<img height="1" width="1" alt="" style="display:none" src="https://www.facebook.com/tr?id=1455325778106062&amp;ev=PixelInitialized">
steal our ideas.png

Anthem and Aurora Join Forces in Wisconsin

affordable-health-insurance2-resized-600.jpgIn with the old, out with the new. During the 1980s and 1990s many health care systems around the country decided to test their luck in the health insurance business. Most of these organizations did not fully understand the risks and challenges of being in the insurance industry. In the end, most of these health care systems ended up selling their plans to insurance companies or simply shutting them down. As of April 20th, 2016, Anthem Blue Cross and Blue Shield and Aurora Health Care embark on a new joint venture health insurance company. This tried approach is making a comeback with a modern, employer friendly twist. 

The industry has come full circle as health systems adapt to the changing health business landscape, caused by the Affordable Care Act (ACA). We are witnessing a resurgence of interest in health plan ownership as the health system looks to grow revenue in the new era of value-based care. However, history tends to repeat itself, so we must be aware that this trend is not without risk. 

The Impact of the ACA on Health Plan Ownership

There are many reasons for the heightened interest in health plan ownership, but the bottom line is that health care reform and its changes to reimbursement methods and treatment delivery, have forced providers to think more like insurers. 

1) Reimbursements are increasingly linked to the quality of care, out-comes, and cost-effectiveness rather than merely the volume of services delivered.

 2) Providers have gained experience in managing financial risk as payment reforms such as shared savings/loss arrangements, capitation, and bundled payments (which have forced providers to re-engineer care delivery). 

3) Hospitals are seeking out new sources of revenue due to declining growth of inpatient spending.

4) Medicaid is shifting participants into managed care plans. Providers are beginning to sponsor health plans to serve these populations, capture this revenue, and cut out the middle man.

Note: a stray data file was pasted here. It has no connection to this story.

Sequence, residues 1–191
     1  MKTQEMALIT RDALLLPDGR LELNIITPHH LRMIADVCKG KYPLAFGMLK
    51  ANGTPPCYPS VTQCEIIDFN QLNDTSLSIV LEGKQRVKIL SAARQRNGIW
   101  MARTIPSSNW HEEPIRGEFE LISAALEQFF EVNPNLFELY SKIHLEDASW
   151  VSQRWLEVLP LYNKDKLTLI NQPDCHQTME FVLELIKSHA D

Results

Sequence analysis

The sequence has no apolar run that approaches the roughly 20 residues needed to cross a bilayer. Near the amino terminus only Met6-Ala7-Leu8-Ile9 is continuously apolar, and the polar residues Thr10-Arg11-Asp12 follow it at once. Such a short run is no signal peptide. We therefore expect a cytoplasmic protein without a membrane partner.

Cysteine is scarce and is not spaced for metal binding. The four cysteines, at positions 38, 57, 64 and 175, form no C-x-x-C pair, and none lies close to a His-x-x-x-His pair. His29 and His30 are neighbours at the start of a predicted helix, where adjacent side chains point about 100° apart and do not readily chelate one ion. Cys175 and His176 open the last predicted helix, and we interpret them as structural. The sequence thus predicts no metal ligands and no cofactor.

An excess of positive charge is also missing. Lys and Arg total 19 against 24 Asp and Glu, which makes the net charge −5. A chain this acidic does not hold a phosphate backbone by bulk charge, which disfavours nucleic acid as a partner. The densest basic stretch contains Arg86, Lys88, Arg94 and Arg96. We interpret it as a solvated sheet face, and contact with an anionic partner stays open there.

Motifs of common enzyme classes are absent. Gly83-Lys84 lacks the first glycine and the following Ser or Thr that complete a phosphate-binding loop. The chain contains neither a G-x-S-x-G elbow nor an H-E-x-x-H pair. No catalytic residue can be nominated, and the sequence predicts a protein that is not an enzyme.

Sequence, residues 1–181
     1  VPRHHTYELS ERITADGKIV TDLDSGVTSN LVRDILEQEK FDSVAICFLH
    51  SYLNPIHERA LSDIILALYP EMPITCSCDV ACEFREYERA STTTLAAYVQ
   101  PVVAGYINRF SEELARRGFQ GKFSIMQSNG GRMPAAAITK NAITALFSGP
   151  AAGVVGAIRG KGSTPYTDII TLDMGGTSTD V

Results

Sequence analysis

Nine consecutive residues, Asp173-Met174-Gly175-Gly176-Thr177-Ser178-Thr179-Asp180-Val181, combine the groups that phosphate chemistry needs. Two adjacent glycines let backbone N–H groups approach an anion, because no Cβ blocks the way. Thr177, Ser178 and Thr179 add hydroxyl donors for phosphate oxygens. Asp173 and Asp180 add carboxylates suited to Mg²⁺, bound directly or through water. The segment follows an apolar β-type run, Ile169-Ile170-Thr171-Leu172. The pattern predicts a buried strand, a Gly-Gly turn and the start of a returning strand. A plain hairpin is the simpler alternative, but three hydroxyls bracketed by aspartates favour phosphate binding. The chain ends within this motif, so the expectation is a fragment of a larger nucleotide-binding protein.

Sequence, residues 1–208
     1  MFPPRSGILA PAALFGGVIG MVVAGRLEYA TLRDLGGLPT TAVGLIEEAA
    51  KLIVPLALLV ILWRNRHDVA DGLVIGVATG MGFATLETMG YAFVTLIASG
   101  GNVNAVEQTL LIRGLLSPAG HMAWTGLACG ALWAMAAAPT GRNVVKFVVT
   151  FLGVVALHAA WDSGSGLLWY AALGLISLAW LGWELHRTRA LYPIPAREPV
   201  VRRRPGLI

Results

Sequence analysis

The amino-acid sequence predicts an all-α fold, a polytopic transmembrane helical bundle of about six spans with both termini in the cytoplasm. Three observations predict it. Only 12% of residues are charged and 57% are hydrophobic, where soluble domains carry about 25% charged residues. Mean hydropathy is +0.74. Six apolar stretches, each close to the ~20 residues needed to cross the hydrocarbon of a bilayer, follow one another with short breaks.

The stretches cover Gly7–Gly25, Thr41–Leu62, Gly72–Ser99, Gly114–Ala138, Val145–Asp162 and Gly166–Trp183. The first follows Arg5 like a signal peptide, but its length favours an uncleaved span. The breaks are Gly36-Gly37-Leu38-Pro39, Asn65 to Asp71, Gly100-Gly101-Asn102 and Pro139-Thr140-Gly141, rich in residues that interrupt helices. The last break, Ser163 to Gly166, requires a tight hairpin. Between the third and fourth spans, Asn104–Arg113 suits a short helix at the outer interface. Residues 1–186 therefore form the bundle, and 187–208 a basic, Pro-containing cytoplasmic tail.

The Rise of Well Priority by Anthem and Aurora

On April 20th, Anthem Blue Cross and Blue Shield in Wisconsin and Aurora Health Care announced their partnership to form a health insurance company called, Wisconsin Collaborative Insurance Company. Together they will offer a health insurance plan to employers called, Well Priority.

This partnership combines Aurora's care delivery system with Anthem's insurance knowledge to a create a new way of delivering health care to consumers. The Well Priority plan is a bet by Aurora that it can configure itself into broader care delivery organization, which provides care at a lower cost than its competitors. It will be interesting to see how a regional health system backed by an insurer partnership will play out.

They join the Froedtert Health System as the latest Wisconsin providers to enter the insurance field. Froedtert owns half of the Network Health and recently launched in the Exceedent health care plan for self-funded employers. 

Employer Perks

The good news for employers will be increased options, competition, and innovation, which should slow health care cost increases. Both will be focused on innovation, patient advocacy, quality, efficiencies, health and well-being, data integration, onsite and near-site care, social media, and the focus to improve the patient experience.

Sales for Well Priority and Exceedent will begin later this year. It is expected that they will initially be focused on medium to large-size employer groups. We are currently in discussions with the Plans on your behalf and will continue to keep you apprised as they release additional details.  

 

 [ GET THE WHITE PAPER ] Is Onsite Medical Care a Fit for Your Company?